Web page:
Assistance systems (both digital and technical) in manufacturing have been developed and implemented to support manual tasks. As discussed in section 3, methodologies for developing assistance systems have been developed to support manual assembly systems in different contexts. As a result, work highlighting approaches applicable to scenarios with more operations in manufacturing (for example, downstream operations such as packaging, or some tooling processes) remains lacking in the available literature. The task-centric and user-centric approaches to developing DAS are the most common methodologies implemented in the models discussed earlier (see Figure 5). The developer of the DAS can either compare tasks or use them as a basis to derive requirements in the digitalisation process, or use system users to inform their needs on the tasks, interaction options, and possibly the environmental requirements that the DAS should address.

To define the application of digitalisation in the context of the tool-making industry, it is imperative that it is adapted to industry specific characteristics [8]. Due to the customer-specific products that are demanded in the TDM sector, the number of product variants and the complexity of assembly operations increase. As a result, employing a task-based approach to the digitalisation of processes becomes difficult. Furthermore, manual assembly operations usually only make up less than seven per cent of the entire TDM value chain operation. Consequently, the user-based approach was selected as a more appropriate strategy for digitising tool-making operations. This is important, because only when the tool-room workforce view the assistance system as an asset can they actively engage in using it; a bottom-up approach will thus improve the acceptability and implementation levels. Based on this analysis, as provided in section 3, a user-centric approach was selected to derive DAS needs in a TDM environment. This approach involved:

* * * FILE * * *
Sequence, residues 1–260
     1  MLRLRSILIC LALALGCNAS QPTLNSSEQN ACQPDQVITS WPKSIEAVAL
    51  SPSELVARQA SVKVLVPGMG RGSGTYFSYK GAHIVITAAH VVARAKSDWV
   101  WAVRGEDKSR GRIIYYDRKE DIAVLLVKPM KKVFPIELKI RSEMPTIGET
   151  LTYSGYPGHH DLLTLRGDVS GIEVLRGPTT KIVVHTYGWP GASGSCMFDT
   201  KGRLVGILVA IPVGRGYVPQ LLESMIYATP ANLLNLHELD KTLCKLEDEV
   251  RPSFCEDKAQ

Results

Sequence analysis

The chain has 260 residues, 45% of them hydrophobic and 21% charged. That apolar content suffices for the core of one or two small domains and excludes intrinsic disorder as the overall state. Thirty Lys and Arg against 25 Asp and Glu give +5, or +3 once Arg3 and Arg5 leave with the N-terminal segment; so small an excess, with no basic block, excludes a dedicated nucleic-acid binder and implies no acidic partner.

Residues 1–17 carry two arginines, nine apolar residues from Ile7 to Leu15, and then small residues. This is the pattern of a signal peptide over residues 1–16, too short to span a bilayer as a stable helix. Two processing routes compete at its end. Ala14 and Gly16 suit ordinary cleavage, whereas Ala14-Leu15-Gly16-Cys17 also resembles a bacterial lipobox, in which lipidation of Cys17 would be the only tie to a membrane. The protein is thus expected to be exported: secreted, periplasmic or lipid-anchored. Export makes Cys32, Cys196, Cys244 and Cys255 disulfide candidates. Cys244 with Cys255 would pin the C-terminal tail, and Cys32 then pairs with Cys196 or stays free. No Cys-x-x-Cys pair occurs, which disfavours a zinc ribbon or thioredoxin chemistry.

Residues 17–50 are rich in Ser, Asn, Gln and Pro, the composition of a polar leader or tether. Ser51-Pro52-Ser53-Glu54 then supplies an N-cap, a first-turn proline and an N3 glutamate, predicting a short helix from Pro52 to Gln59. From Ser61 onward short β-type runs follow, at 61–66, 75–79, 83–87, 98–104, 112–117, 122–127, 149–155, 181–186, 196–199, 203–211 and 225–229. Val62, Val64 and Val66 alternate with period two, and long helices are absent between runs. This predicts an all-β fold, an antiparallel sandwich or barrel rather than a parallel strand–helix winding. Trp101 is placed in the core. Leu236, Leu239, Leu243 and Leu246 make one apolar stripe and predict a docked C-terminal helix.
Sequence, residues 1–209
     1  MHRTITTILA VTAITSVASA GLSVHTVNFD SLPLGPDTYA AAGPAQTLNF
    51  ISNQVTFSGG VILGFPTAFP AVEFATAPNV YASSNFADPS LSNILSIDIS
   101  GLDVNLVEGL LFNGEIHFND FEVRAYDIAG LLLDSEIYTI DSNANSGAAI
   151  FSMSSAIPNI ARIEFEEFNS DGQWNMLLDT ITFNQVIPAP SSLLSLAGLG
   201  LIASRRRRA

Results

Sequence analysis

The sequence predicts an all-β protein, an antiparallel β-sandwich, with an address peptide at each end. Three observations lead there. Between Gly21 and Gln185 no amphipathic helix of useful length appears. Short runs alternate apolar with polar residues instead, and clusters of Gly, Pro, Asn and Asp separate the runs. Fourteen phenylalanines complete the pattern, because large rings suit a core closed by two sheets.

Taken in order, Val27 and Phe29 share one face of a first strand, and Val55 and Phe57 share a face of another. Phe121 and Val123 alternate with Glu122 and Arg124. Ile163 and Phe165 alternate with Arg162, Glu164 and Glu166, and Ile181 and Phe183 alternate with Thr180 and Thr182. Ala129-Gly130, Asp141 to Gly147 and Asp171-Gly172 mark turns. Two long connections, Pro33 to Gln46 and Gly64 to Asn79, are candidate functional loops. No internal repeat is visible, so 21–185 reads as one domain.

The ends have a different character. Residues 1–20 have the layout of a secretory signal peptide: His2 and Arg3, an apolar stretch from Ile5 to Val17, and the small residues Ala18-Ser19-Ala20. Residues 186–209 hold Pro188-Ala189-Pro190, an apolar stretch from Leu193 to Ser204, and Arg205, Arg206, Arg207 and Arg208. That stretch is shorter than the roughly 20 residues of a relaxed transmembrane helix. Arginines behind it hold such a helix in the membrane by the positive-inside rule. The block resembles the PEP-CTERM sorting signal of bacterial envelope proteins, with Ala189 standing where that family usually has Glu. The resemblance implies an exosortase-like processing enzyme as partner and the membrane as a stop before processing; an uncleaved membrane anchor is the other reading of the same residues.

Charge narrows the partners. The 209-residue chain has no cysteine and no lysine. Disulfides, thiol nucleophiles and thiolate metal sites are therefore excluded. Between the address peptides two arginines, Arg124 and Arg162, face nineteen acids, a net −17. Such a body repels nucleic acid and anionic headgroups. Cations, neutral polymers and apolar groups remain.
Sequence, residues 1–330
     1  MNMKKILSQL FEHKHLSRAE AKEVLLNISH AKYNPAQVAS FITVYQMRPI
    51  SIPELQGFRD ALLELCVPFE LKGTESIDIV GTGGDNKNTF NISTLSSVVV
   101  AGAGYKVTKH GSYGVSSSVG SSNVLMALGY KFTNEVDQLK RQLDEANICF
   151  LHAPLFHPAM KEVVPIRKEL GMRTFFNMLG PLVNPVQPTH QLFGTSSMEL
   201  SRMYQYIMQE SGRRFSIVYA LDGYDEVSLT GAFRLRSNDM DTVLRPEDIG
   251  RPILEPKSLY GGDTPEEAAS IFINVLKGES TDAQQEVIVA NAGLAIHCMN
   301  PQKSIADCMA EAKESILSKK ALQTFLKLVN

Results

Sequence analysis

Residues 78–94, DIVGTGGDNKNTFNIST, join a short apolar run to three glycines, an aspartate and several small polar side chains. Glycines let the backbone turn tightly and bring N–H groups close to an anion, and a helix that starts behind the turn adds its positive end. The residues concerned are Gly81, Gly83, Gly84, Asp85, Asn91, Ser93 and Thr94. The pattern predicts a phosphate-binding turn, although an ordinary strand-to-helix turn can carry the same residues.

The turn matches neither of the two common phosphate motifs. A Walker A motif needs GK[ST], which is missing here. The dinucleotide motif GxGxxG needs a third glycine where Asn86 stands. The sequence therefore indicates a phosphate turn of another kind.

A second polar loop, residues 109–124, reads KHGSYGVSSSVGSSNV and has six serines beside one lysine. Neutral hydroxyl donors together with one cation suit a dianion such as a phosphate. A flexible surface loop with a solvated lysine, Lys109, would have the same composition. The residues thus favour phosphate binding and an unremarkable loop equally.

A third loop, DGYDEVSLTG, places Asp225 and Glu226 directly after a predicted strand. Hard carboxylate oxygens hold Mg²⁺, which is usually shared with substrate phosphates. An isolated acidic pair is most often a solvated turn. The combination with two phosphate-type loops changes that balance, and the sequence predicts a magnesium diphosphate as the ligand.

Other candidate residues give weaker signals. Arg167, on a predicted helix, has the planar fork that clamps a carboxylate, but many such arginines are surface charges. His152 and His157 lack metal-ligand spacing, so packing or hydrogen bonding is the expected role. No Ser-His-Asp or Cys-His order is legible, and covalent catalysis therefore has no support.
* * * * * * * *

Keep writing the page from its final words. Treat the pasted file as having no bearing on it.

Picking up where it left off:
identification of user groups (workers) requiring digital assistance;

identification of processes that each user group deemed needed digitalisation; and

derivation of digital technologies that can support the identified processes (see Table 1 )

The knowledge engineering methodology was employed in the study through interviews of five field experts in the South African tooling sector. Shop-floor workers who perform the functions of design, cost estimation, scheduling, and production were identified as the user-groups requiring digital support, due to the complexity of data collection experienced in these functions.

Based on the derived requirements from these user-groups, mobile and cloud computing technologies were identified as having the potential to facilitate the digitalisation of South African TDM shop-floor operations. One emerging requirement in the TDM industry is the need to track part-flow during production. RFID technology has the potential to fulfil that requirement, as discussed in the literature review (section 2). The major drawback in the use of RFID technology is the huge capital investment required for such a project. Future work can thus be done on how locational data can be digitalised using RFID technology in the South African TDM industry. Toolmakers can also develop web-based mobile solutions to support the integration of their value stream processes [101]. This paper aids in informing future work on the integration of digital technologies in the TDM industry in an efficient way.



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Submitted by authors 16 Jan 2018
Accepted for publication 20 Oct 2018
Available online 10 Dec 2018



* Corresponding author
# Author was enrolled for a PhD in the Department of Industrial Engineering, Stellenbosch University, South Africa